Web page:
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    ABSTRACT: To evaluate the responsiveness of patient reported outcomes (PROs), including fatigue, sleep, activity limitation, and quality of life, in patients with rheumatoid arthritis (RA). Data were considered from a randomised controlled trial comparing abatacept (n = 258) with placebo (n = 133) on a background of DMARD treatment in RA patients who were inadequate responders to anti-TNF therapy (ATTAIN study). PROs assessed included SF-36, activity limitation, fatigue, and sleep. For each outcome the treatment difference, relative per cent improvement, standardised response mean (SRM), and relative efficiency for assessing an outcome's ability to detect a treatment effect relative to tender joint count (TJC) were calculated. A relative efficiency >1 suggests a measure that is more efficient than TJC in detecting treatment effect. Moderate to large SRMs (>or=0.6) were observed for the PRO measures. In particular, SRMs (95% confidence interval) were: physician global, 0.72 (0.51 to 0.94); HAQ, 0.63 (0.42 to 0.85); SF-36 physical component score, 0.62 (0.40 to 0.83); SF-36 bodily pain, 0.68 (0.46 to 0.90); and fatigue, 0.59 (0.38 to 0.81). Relative efficiencies for physician global (1.6), SF-36 bodily pain domain (1.4), pain intensity (1.4), HAQ (1.2), SF-36 physical component score (1.2), fatigue (1.1), and patient global assessment (1.04) were all more responsive than TJC. The SF-36 mental component score (0.3), swollen joint count (0.6), activity limitation (0.8), sleep (0.7), and C reactive protein (0.9) were less responsive. Using PROs for evaluating treatments for RA can detect improvements and will identify changes that are important to patients. In general, physical assessments are more responsive to an effective treatment than mental assessments.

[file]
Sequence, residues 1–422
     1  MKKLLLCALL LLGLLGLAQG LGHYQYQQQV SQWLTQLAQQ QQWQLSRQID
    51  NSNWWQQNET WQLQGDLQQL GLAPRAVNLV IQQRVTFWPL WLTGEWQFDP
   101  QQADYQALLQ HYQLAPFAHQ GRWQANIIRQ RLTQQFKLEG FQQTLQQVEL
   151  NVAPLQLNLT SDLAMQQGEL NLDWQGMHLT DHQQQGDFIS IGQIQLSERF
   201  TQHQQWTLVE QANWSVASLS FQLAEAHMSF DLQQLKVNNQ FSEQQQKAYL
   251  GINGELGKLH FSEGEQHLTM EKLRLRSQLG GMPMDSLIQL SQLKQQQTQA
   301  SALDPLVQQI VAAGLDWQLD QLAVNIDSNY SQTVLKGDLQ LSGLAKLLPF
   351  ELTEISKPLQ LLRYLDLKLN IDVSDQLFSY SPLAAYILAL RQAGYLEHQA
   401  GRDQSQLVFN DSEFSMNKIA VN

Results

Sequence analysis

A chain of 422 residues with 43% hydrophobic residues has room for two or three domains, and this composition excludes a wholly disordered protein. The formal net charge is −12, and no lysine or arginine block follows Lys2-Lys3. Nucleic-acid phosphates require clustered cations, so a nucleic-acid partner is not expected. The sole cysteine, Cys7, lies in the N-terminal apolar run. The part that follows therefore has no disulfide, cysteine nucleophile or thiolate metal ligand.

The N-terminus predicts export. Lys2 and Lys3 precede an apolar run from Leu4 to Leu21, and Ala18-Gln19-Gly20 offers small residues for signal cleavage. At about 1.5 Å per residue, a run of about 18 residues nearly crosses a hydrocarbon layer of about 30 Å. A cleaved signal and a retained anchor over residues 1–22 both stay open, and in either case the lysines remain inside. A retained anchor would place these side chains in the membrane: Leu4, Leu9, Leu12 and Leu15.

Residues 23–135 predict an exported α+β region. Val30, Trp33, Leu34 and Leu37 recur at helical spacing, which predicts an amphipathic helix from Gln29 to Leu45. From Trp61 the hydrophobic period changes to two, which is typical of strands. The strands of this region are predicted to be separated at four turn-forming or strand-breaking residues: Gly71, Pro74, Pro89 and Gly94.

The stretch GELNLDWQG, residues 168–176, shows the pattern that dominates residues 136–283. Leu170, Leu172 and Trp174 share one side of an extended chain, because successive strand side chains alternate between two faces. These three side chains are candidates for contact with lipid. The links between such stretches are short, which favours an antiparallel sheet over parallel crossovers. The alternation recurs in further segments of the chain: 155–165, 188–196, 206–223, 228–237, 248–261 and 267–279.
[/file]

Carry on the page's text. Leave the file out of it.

Annals of the rheumatic diseases 02/2008; 67(2):260-5. · 8.11 Impact Factor
  • T Li, G Wells, P Tugwell
    Value in Health 01/2008; 11(3). · 2.19 Impact Factor